A busy culinary expert with a very Italian food & wine background
December 2010 - With her trademark spiky blond hair and pumped-up personality, Anne Burrell has worked at some of the top restaurants in New York, studied the culinary landscape and traditions of Italy, and has battled alongside Mario Batali as his sous chef on Food Network’s Iron Chef America. Anne eliminates the intimidation of restaurant dishes and reveals concise, easy-to-master techniques for the at-home cook on her Food Network series, Secrets of a Restaurant Chef. Anne also co-hosts Worst Cooks in America, a primetime reality show where Anne leads a team of hopeless home cooks from around the country through culinary boot camp.
Growing up in upstate New York, Anne’s passion for food and cooking began at an early age. After obtaining an English and Communications degree from Canisius College in Buffalo, she pursued her interest in the restaurant business by enrolling in the Culinary Institute of America. Following graduation, she spent a year in Italy attending the Italian Culinary Institute for Foreigners while working at La Taverna del Lupo in Umbria and La Bottega del’ 30, a one-Michelin star restaurant in Tuscany. During this year, Anne grew to truly appreciate and understand the philosophy of Italian cuisine and culture, which left a lasting impact on her culinary point of view.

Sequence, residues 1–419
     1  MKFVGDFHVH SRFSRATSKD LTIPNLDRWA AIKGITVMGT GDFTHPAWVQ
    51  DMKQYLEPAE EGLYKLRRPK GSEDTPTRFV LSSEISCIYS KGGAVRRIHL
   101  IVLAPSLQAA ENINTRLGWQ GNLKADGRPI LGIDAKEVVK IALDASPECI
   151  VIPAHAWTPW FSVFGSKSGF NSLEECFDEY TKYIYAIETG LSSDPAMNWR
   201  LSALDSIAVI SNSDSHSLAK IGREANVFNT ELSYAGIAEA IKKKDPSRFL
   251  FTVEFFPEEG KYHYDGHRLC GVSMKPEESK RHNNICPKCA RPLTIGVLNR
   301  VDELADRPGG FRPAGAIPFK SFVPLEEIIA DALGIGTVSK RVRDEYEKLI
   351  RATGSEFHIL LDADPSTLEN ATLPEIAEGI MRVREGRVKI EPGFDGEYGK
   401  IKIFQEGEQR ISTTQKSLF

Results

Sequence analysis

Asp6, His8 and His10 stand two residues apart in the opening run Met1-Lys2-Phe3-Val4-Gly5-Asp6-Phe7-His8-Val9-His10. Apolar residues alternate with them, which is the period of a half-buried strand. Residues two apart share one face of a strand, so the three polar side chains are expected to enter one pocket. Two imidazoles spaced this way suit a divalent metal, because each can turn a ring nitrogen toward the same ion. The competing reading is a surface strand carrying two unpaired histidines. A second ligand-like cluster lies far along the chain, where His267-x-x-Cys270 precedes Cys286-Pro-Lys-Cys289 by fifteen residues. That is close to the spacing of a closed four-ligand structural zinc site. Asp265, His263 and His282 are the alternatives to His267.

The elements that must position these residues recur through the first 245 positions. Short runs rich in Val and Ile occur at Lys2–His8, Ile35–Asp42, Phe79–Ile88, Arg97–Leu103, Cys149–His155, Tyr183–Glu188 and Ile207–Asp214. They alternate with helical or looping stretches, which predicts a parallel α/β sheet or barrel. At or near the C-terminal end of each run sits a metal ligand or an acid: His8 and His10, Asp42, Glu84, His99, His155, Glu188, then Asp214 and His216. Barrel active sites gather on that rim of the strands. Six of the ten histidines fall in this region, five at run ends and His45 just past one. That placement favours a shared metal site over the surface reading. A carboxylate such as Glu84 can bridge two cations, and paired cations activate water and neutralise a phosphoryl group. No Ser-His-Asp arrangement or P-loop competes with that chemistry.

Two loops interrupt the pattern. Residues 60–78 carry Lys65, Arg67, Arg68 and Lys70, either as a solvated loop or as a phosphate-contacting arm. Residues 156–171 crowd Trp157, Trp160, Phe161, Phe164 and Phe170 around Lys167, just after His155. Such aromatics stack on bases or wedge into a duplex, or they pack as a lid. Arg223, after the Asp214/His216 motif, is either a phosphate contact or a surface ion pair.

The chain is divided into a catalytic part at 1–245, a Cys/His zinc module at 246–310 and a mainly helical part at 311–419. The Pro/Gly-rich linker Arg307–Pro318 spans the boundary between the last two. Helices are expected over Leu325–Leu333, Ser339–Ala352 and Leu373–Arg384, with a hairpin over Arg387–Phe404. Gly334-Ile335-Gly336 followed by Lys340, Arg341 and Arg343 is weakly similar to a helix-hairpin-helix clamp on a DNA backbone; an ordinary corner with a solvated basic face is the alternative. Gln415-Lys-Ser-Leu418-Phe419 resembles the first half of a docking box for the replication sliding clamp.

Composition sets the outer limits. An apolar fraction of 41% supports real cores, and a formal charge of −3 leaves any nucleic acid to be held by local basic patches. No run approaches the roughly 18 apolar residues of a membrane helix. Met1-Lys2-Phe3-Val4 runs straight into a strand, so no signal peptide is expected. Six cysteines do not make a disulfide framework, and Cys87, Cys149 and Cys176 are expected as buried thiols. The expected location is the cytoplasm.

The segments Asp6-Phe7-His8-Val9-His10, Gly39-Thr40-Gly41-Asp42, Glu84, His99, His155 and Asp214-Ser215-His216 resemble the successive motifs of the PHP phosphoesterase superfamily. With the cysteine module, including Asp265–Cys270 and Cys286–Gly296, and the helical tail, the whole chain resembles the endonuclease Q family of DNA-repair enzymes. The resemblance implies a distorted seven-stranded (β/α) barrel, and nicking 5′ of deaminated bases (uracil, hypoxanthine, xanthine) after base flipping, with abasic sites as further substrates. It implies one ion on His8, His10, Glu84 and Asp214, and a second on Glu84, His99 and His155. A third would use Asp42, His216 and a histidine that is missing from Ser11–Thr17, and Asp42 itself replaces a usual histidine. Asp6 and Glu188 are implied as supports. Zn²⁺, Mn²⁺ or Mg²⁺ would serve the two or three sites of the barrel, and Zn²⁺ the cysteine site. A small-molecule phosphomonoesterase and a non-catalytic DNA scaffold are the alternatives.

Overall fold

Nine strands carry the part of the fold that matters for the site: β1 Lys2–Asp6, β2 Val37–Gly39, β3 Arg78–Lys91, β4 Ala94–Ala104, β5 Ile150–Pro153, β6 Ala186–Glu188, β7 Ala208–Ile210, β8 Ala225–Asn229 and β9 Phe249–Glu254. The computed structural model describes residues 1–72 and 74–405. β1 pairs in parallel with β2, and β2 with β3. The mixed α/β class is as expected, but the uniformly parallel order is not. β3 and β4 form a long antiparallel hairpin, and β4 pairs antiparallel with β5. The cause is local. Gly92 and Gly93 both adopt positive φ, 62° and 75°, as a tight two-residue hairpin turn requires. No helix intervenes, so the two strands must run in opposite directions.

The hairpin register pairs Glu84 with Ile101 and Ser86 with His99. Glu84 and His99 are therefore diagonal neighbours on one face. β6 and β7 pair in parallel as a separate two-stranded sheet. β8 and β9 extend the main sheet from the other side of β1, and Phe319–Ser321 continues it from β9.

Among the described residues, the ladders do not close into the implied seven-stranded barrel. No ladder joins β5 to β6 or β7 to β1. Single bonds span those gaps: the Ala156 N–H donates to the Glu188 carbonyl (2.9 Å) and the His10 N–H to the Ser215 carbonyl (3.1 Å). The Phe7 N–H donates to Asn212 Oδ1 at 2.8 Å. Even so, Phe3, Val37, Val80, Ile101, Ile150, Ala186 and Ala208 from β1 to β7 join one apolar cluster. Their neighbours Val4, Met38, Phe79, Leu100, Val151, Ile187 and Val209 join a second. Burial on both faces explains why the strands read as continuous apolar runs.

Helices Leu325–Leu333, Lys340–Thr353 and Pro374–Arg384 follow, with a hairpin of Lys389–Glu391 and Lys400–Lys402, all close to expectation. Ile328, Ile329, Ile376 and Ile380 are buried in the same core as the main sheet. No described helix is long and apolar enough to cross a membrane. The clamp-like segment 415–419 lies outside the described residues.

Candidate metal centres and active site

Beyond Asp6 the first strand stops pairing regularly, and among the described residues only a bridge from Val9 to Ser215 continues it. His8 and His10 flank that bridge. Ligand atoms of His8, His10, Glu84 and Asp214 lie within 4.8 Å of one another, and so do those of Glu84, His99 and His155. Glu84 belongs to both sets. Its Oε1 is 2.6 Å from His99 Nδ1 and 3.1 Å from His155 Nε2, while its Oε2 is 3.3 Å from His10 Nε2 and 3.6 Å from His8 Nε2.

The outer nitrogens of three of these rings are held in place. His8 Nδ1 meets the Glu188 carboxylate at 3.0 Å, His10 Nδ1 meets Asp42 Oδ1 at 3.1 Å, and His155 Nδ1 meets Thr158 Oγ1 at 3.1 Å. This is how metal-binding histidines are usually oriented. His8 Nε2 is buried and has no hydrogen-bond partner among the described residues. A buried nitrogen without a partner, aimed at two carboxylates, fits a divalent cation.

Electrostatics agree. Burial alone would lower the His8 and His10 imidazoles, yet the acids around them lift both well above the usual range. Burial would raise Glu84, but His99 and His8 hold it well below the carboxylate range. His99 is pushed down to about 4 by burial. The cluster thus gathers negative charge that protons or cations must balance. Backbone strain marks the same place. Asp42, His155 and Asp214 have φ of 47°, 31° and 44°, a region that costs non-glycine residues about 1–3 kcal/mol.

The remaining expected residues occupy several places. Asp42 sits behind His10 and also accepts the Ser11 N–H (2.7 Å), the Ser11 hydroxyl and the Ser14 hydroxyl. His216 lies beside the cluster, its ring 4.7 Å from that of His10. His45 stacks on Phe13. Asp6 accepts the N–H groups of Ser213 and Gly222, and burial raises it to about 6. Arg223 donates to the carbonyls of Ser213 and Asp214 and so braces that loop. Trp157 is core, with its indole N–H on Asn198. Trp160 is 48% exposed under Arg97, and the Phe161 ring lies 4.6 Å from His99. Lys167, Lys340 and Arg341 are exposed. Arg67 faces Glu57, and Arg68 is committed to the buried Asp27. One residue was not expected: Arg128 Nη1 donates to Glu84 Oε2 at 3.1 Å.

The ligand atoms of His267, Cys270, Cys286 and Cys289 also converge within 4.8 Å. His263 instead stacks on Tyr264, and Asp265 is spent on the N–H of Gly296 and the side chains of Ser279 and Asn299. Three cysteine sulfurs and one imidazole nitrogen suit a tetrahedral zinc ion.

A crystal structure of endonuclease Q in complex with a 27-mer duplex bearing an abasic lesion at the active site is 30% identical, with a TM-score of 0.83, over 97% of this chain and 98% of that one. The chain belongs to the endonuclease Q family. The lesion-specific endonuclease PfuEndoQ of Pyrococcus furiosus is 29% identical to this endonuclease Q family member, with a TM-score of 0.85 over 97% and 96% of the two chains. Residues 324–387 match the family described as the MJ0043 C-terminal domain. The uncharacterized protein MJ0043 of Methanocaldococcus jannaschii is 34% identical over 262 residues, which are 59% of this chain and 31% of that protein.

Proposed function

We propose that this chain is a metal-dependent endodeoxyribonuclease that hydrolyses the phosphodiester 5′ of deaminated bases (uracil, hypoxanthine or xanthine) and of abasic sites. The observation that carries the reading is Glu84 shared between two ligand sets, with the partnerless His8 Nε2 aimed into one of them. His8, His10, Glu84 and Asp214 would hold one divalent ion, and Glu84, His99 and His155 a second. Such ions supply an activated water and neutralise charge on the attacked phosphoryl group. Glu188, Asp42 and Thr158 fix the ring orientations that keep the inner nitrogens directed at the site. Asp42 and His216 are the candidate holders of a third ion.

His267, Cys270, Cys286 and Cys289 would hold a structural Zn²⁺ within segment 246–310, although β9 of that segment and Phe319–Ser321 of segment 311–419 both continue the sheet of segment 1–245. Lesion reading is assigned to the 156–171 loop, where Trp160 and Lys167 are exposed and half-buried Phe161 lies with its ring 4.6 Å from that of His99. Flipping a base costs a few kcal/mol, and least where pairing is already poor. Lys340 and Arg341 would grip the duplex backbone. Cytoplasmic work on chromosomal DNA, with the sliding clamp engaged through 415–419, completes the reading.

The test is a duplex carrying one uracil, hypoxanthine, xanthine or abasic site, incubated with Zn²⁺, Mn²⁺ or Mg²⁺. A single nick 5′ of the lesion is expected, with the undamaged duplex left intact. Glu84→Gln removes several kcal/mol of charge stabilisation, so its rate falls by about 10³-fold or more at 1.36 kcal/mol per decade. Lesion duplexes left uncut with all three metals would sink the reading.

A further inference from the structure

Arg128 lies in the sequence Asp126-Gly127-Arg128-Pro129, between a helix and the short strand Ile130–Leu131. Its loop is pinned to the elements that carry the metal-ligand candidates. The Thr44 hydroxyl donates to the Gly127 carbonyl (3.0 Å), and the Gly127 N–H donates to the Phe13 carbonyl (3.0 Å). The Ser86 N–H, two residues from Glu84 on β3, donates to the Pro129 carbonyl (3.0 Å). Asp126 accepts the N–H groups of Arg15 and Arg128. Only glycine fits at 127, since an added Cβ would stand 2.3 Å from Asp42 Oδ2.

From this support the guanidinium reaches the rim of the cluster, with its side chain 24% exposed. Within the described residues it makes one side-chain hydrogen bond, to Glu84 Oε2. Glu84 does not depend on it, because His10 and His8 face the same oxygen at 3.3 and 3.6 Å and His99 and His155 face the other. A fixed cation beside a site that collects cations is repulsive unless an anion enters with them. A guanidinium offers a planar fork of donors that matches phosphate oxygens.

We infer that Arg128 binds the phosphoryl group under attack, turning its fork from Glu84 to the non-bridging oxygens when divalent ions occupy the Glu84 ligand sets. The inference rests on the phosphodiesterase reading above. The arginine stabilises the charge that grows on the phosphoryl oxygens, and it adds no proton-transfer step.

Upon her arrival in New York City, Anne was hired as a sous chef at Felidia Restaurant, working with Lidia Bastianich. She then served as a chef at Savoy where she cooked over an open wood fire and created flavorful menus inspired by countries around the Mediterranean. Here, Anne developed her personal culinary style – a real love of rustic food made with pure and simple ingredients with intense flavors.
Anne then took the opportunity to spread her culinary knowledge and passion as a teacher at the Institute of Culinary Education. After three years, Anne went back to the restaurant business serving as the Executive Chef at Lumi Restaurant. Shortly after, she joined the Batali-Bastianich empire by accepting a job at Italian Wine Merchants. The job also included salumi production and traveling to off-site events with Mario Batali. When Mario became one of Food Network’s esteemed Iron Chefs, he knew exactly who to enlist as his sous chef – the talented and dynamic Anne Burrell.
As the Executive Chef at New York hot-spot Centro Vinoteca from its opening in July 2007 through September 2008, Anneserved up her “creative-authentic” Italian menu of small plates (piccolini), antipasti, pastas and main courses accented by her trademark bold, pure flavors.
Worst Cooks in America – Season 2 Premieres: January 2, 2011 at 9pm ET/PT